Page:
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HIST 203 - Canada Since 1867

Audience: For whom your secondary sources were written

A “secondary source” is an analysis written after the fact for an audience removed from the events.  Historians usually divide this secondary material into “scholarly” and “popular” treatments.

The terms scholarly and popular do not necessarily judge the quality of the work or its accuracy.  Rather they are judgments about the work’s stated content, intended audience and its presentation.  The same criteria apply to a book, an article, or a website. 

 

Scholarly

Popular

  • Written for professional historians.
  • Written for the non-professional reader (n.b. not uneducated).
  • Written within the context of collective professional research and debate.
  • Context more likely to be current social or political issues.
  • High level of methodological self-consciousness and documentation.
  • Methodology and documentation are not foregrounded.
  • Advances or revises knowledge.
  • Synthesizes and explains.

 

A scholarly work is a scientific experiment very much like any other experiment.  Like a good experiment, it should be possible for another scholar to independently repeat the experiment and see whether the same conclusions are reached.  The scholarly work should contain all the elements necessary to repeat the experiment, including raw materials (sources), procedure (methodology), design of experiment (argument), and results (conclusions).

A scholarly book will usually begin with the state of the question and lay out the history of the subject and discuss the various schools of opinion and controversies.  A scholarly article will usually concentrate on one small aspect of a question or interpretation of a source, and will not survey the entire question.  All scholarly works will have footnotes or references that document the sources the author has used to support the work’s argument.  A scholarly work will have clearly reasoned step-by-step argumentation that will logically lead from the premises to the conclusions.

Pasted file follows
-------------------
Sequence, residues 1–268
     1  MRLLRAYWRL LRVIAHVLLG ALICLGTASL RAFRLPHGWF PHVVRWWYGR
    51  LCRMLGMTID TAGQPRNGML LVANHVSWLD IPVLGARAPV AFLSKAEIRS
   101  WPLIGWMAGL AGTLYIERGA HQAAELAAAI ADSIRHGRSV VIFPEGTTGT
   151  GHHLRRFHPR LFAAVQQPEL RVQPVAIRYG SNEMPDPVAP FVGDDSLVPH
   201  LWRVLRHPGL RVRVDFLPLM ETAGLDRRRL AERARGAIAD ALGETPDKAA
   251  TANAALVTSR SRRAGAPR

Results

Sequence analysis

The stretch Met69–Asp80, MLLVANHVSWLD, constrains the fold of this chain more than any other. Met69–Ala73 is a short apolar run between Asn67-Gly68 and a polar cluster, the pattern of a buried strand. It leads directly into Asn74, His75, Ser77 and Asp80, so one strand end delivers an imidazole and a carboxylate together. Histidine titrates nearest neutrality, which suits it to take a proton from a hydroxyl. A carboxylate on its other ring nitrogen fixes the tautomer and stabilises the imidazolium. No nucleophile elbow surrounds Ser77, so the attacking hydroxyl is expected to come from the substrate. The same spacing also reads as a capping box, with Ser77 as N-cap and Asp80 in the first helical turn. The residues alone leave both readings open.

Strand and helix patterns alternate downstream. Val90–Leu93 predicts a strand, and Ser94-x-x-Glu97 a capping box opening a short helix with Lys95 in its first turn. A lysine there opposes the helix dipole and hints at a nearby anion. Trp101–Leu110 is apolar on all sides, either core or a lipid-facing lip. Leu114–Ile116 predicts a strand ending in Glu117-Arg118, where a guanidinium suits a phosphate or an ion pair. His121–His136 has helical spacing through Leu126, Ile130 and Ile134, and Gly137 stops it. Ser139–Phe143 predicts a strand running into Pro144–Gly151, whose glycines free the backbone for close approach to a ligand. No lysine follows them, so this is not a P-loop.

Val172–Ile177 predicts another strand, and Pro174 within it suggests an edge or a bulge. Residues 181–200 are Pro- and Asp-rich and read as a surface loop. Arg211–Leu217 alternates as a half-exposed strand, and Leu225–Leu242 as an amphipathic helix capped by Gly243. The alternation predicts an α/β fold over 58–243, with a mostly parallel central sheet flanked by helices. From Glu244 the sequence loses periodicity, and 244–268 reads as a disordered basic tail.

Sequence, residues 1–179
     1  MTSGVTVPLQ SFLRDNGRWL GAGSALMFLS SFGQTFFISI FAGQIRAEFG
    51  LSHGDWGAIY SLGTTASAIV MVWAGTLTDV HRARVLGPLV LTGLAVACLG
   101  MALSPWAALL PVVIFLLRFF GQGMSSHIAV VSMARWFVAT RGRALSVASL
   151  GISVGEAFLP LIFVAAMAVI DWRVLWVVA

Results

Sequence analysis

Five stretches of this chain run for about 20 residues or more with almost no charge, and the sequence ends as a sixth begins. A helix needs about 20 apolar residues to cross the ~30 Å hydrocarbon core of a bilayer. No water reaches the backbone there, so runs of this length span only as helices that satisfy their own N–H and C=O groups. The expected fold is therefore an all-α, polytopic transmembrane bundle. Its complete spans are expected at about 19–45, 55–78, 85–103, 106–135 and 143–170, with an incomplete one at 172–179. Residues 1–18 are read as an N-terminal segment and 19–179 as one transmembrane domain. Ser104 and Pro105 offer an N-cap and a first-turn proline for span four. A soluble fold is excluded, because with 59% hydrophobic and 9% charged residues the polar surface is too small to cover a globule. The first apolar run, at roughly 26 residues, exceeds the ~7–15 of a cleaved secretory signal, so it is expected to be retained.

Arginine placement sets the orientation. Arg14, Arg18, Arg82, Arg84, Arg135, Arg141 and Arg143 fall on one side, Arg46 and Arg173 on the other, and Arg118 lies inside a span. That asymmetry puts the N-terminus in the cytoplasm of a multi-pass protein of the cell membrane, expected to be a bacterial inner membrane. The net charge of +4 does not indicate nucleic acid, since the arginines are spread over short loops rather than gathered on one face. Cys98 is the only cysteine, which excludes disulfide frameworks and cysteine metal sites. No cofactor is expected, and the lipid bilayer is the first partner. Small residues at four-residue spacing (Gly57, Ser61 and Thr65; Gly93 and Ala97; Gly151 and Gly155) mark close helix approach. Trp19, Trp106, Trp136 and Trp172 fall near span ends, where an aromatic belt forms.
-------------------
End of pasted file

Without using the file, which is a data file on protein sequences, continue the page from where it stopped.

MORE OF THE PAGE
A scholarly book or article will go through a “peer-review process” where several referees – acknowledged experts in the subject – will look at the work before it is published. The referee’s role is to determine that the sources used are of high quality (and nothing has been overlooked), the methodology is sound and the argumentation is rational.  There is no guarantee that the referees will agree with the conclusions; the intention is not to stifle new interpretations, just to ensure quality of content.

A scholarly book is not necessarily published by a university press, although many are.  Not all books published by university presses are scholarly ones.  There are commercial publishers that specialize in scholarly works, too.  Scholarly journal articles are also refereed by scholars in the field. 

 

How can you tell if a printed secondary work is scholarly or popular? 

  • Remember the criteria outlined above and look for the following points: 
  • Who is the author?  Are his or her credentials stated and are they appropriate?
  • Are statements backed up with documentation? 
  • Are the sources credited and can the reader reassemble the material to make an independent assessment of them?
  • Is the methodology logical and clear?  Does the conclusion follow on the premises?

 

Evaluating electronic resources

Check out this site from the Cornell University Library.

 

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